I recently watch a video of children lobbying their State Senator, veteran Democrat Dianne Feinstein from California. They wanted her to support The Green New Deal Resolution proposed by the polarizing freshman democrat Alexandria Ocasio- Cortez from New York. The Senator did her best to inform the children on governance, but quickly lost her patience. As the exchanged continued, her frustration became apparent as she indicated to these constitutions that she knew how government worked and they didn’t. She even implied that she did not have to answer to them because they were not yet able to vote.
These spunky kids didn’t cower; they went back at the lawmaker, wondering why she wouldn’t support a bill that would help save our dying planet. The Senator’s response not only came off as dismissive, but also seemed to be the epitome of, “that’s the way we do things around here.”
In fairness to Feinstein, The Green New Deal is about much more than global warming. It is more of a leftist manifesto of where we should be as a country in 10 years. It offers no clear blueprint for achieving its objectives or how to fund these ideals. And, as a resolution, even if approved, it offers no clout, rather more of a wish list.
Still, as I watched the captivating clip, the phrase, “The wrong side of history” kept flashing in my mind. I could envision some not too distant future classroom teacher showing this video as an example of the ineptness of a society that could, but would not take steps that would prevent the irreparable damage that we caused. Kids would be incredulous as they questioned their teacher.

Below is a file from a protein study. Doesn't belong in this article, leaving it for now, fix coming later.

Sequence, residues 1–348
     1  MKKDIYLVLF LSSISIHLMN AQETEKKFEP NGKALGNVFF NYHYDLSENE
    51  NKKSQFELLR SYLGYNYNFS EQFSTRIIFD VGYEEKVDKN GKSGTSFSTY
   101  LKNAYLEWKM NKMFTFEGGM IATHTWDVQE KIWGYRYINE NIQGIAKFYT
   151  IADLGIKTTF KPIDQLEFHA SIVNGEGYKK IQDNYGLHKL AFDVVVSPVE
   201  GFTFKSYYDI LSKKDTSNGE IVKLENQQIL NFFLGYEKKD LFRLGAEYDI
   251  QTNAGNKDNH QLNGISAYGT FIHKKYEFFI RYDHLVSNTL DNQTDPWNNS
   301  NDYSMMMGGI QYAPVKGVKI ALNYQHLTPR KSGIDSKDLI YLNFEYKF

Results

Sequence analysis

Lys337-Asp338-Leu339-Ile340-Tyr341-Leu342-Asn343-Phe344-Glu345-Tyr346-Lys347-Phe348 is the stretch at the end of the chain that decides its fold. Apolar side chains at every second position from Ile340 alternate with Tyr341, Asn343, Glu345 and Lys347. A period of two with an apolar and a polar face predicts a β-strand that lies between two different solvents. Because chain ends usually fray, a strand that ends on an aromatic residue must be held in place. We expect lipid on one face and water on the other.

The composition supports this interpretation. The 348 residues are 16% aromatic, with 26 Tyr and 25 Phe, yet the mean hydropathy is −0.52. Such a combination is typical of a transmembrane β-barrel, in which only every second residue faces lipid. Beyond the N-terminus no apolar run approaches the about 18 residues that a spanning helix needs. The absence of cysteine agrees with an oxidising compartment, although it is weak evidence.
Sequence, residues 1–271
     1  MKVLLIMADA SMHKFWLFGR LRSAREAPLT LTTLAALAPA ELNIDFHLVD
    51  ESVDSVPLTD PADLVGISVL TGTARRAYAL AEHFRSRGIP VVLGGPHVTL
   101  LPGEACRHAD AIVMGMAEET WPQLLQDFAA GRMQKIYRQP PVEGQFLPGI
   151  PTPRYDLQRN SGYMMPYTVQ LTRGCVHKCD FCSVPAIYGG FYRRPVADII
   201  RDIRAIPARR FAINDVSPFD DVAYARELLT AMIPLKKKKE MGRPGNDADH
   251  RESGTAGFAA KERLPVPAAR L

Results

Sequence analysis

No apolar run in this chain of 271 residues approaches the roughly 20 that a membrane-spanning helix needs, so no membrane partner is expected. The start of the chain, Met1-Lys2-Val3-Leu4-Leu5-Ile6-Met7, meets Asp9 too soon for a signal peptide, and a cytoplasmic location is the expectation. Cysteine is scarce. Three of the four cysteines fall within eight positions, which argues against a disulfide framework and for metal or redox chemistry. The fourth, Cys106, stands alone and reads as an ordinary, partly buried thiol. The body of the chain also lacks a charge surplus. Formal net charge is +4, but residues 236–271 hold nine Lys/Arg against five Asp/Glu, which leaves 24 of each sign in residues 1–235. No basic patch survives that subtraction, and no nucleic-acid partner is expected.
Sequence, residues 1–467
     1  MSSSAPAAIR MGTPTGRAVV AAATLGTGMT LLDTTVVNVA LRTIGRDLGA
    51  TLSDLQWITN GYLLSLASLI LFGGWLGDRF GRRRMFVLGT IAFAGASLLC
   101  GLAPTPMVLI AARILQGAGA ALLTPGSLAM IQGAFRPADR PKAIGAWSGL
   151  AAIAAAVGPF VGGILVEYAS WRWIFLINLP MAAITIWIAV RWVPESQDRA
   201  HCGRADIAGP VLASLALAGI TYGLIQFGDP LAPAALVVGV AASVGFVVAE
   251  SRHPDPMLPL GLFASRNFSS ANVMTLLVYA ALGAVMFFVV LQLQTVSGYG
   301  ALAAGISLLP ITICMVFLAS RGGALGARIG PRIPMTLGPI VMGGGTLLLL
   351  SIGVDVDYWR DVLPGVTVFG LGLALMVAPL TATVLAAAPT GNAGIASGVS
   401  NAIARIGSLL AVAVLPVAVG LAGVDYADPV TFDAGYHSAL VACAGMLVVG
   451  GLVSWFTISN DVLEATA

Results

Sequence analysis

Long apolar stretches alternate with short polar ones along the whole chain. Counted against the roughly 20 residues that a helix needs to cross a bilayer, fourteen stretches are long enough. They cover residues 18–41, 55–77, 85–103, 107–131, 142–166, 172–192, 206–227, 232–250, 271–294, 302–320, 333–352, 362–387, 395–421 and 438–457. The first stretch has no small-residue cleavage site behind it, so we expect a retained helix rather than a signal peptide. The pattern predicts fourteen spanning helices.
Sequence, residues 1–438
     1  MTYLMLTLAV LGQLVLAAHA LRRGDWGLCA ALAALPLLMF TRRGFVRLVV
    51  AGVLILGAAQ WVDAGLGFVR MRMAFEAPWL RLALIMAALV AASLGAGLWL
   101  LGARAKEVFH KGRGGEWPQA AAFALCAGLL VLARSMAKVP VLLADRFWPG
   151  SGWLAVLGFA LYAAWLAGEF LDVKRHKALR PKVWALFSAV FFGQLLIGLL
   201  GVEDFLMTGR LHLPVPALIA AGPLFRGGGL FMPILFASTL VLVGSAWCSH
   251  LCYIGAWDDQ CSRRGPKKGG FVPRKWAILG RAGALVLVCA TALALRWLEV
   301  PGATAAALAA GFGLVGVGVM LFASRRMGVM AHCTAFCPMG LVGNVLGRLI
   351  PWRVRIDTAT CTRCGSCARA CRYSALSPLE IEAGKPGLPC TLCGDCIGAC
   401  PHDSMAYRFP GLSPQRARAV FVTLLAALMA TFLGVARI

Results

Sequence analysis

“You mean they knew things were getting bad and they didn’t do anything to fix it?”
“What was it like to visit the Statue of liberty before it was underwater?”
“Was Disney World really the happiest place on earth?”
They wouldn’t accept “that was how government worked” as an answer.
Put yourself in that classroom for a second; their questions make perfect sense and our answers to them seem short sighted .
Our response to Global…wait no… “Climate Change” is on “The Wrong Side of History.”
We have been on the wrong side of History before.
- Women’s rights
- Milli Vanilli
- Giving a crap about who others are attracted to
- Treatment of those who are disabled
- The lack of action during the Holocaust
- Dances with Wolves over Goodfellas
- Angelina over Jen
- Sam Bowie over Michael Jordan
- Babe Ruth to the Yankees
- The unsinkable ship
- Thinking the internet is a fad
And of course…Dancing with the Wolves over Goodfellas.
I know, I know, but it has to be said twice.
I tend to see many situations and discussions through the lense of the profession I love, and the wrong side of history is no exception.
Are we on the wrong side of history in schools?
In some ways I believe we are.
Homework is too often rote tasks that students complete for a grade. It is a practice that does little to foster lifelong learning. In fact, it causes many students to see school as a task to be completed to get to the next stage in life. Can you imagine working eight hours a day with eight different bosses , no lunch, no break, then playing a sport, going to a job or taking care of family responsibilities, then being asked to do two-plus hours of homework? Yet, that is the reality for many high school students today. Is it any wonder that kids are facing mental crisis at an alarming rate?
The college game is rigged. It is rigged for those who know how to play the game. It is rigged against students who come from poverty. It is rigged against students of color. And, if you have been following the lawsuit against Harvard, it is rigged against Asian students.
We tell kids to work, work, work, get into the best possible school they can, regardless of the inevitable debt they will accrue. The pressure to go to the University that is the most prestigious rather than the one that is the best fit is prevalent today and it is, well, just asinine.